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Nominal deviation in neonatal intensive care units: a time trend analysis
  1. Kelly Brown1,
  2. Nick Brown2
  1. 1Department of Paediatrics, Poole Hospital NHS Foundation Trust, Dorset, UK
  2. 2Department of Paediatrics, Salisbury District Hospital, Salisbury, UK
  1. Correspondence to Dr Kelly Brown, Department of Paediatrics, Poole Hospital NHS Foundation Trust, Longfleet Road, Poole, Dorset BH15 2JB, UK; kelly.brown{at}

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Anecdotal reports in neonatal intensive care units (NICUs) suggest changes in naming patterns towards the more esoteric. This overdue time trend analysis looks at admission names from 3 years in a busy Southern England tertiary NICU. There is evidence of potential harm (educational and societal) related to unusual names.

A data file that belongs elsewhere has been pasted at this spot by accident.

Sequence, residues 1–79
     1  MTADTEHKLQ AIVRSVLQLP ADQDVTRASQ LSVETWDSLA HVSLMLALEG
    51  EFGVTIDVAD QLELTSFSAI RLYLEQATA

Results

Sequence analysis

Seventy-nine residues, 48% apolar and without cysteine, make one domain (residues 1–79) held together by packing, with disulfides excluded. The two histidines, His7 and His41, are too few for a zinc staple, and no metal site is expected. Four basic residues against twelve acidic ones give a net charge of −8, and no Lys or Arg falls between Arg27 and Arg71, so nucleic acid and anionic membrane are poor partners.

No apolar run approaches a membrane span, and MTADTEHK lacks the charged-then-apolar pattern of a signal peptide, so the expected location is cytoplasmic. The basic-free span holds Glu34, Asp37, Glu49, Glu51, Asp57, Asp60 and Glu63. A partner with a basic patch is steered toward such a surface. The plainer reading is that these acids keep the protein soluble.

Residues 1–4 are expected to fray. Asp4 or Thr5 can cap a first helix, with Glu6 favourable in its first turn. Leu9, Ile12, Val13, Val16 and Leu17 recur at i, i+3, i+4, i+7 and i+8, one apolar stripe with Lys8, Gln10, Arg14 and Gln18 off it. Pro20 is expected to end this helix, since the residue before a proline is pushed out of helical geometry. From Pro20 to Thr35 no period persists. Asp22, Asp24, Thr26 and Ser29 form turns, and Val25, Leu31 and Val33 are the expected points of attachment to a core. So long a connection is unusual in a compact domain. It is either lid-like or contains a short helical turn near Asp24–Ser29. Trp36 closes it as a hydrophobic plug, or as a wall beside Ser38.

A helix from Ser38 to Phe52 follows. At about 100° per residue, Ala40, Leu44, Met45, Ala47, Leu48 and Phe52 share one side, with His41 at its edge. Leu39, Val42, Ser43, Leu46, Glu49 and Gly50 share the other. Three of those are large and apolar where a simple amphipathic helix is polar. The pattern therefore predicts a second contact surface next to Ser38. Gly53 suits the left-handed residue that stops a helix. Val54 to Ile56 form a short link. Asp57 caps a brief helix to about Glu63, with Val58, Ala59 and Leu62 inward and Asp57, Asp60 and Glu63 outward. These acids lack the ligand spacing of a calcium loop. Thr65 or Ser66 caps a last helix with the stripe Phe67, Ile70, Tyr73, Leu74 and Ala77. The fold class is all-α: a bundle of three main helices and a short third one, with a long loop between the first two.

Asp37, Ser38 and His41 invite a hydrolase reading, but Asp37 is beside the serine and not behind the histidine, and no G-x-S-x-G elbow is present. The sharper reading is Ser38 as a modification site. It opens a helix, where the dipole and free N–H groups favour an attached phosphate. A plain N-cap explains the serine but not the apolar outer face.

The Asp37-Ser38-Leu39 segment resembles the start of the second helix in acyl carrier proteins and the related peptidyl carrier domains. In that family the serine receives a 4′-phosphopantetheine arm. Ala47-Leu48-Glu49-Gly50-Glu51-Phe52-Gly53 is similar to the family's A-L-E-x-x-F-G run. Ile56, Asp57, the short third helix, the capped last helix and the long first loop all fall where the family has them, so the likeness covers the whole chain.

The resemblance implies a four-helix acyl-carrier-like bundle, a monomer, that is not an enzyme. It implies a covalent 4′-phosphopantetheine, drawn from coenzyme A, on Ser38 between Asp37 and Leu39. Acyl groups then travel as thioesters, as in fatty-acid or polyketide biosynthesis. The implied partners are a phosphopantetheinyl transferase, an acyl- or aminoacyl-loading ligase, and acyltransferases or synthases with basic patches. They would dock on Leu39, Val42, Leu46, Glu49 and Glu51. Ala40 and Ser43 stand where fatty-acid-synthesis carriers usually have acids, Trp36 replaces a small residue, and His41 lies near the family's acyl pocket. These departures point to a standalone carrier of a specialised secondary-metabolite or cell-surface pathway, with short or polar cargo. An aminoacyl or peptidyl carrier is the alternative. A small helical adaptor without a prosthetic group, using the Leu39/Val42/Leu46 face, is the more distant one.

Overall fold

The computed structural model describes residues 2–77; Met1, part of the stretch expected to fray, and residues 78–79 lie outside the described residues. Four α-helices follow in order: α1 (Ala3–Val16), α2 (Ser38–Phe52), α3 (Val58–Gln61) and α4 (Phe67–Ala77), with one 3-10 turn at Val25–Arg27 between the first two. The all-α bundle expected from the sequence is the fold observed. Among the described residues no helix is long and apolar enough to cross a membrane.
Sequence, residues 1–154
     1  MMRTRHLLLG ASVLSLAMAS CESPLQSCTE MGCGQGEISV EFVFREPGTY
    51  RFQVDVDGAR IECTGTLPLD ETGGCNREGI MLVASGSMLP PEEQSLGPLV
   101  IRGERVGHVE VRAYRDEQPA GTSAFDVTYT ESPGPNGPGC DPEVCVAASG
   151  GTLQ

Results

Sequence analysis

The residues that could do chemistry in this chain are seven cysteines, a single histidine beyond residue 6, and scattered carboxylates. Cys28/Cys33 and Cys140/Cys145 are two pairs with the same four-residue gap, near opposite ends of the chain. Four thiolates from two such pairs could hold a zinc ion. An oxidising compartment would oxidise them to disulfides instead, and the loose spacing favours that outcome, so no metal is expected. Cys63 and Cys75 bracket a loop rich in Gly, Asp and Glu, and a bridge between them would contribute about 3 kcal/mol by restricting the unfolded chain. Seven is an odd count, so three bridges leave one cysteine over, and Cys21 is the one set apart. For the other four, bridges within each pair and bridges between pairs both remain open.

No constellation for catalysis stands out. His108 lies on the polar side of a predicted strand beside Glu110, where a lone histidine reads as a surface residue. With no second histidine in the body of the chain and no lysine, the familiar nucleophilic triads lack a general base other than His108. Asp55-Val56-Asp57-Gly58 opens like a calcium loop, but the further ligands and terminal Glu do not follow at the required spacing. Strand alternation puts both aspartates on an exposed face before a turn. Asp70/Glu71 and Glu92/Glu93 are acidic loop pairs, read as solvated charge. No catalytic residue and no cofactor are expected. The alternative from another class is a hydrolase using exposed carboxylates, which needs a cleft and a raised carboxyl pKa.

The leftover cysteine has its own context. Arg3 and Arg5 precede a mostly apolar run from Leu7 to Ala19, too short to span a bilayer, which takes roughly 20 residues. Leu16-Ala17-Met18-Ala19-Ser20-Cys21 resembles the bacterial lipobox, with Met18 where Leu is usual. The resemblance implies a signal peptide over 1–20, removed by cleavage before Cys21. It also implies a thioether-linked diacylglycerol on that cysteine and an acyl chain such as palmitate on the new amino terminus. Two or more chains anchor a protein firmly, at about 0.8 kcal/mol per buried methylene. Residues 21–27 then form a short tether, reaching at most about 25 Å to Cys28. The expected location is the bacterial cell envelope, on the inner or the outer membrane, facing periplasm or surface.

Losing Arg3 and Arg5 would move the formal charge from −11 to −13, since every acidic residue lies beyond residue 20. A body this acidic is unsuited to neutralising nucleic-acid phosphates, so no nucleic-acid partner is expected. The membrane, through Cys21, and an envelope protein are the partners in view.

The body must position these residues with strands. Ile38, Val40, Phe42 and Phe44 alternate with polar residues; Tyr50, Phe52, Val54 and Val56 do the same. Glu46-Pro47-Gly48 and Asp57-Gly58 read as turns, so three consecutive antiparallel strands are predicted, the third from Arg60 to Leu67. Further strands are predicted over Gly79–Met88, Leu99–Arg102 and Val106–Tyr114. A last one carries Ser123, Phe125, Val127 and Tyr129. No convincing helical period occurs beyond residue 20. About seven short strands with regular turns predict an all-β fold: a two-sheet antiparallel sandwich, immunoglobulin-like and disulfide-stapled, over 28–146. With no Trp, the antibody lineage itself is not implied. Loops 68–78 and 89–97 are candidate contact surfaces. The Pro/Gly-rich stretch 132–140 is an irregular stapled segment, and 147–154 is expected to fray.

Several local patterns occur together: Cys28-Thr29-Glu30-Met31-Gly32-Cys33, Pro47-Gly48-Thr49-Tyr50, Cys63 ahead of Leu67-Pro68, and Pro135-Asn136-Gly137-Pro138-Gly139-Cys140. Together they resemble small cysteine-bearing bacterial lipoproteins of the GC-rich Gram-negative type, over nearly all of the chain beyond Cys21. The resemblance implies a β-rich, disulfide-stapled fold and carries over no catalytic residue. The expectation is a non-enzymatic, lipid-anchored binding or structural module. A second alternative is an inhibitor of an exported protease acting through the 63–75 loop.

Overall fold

To test the hypothesis that NICU babies' naming practices have veered from the norm in 25 years.


Children's names were divided into quintiles ranked by popularity: names 1st–5th most popular (A), 6th–10th (B), 11th–20th (C), 20th–40th (D) and 41st onwards (E). Using the ONS registry of UK births1 we derived expected frequencies for each quintile. Names were extracted from ward admission books for 3 months …

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  • Competing interests One of the authors (KB) temporarily chose to re-spell her name in the cause of individuality, after the 1970s TV show ‘Charlie’s Angels' resulted in near epidemic numbers of Kellys.

  • Provenance and peer review Not commissioned; internally peer reviewed.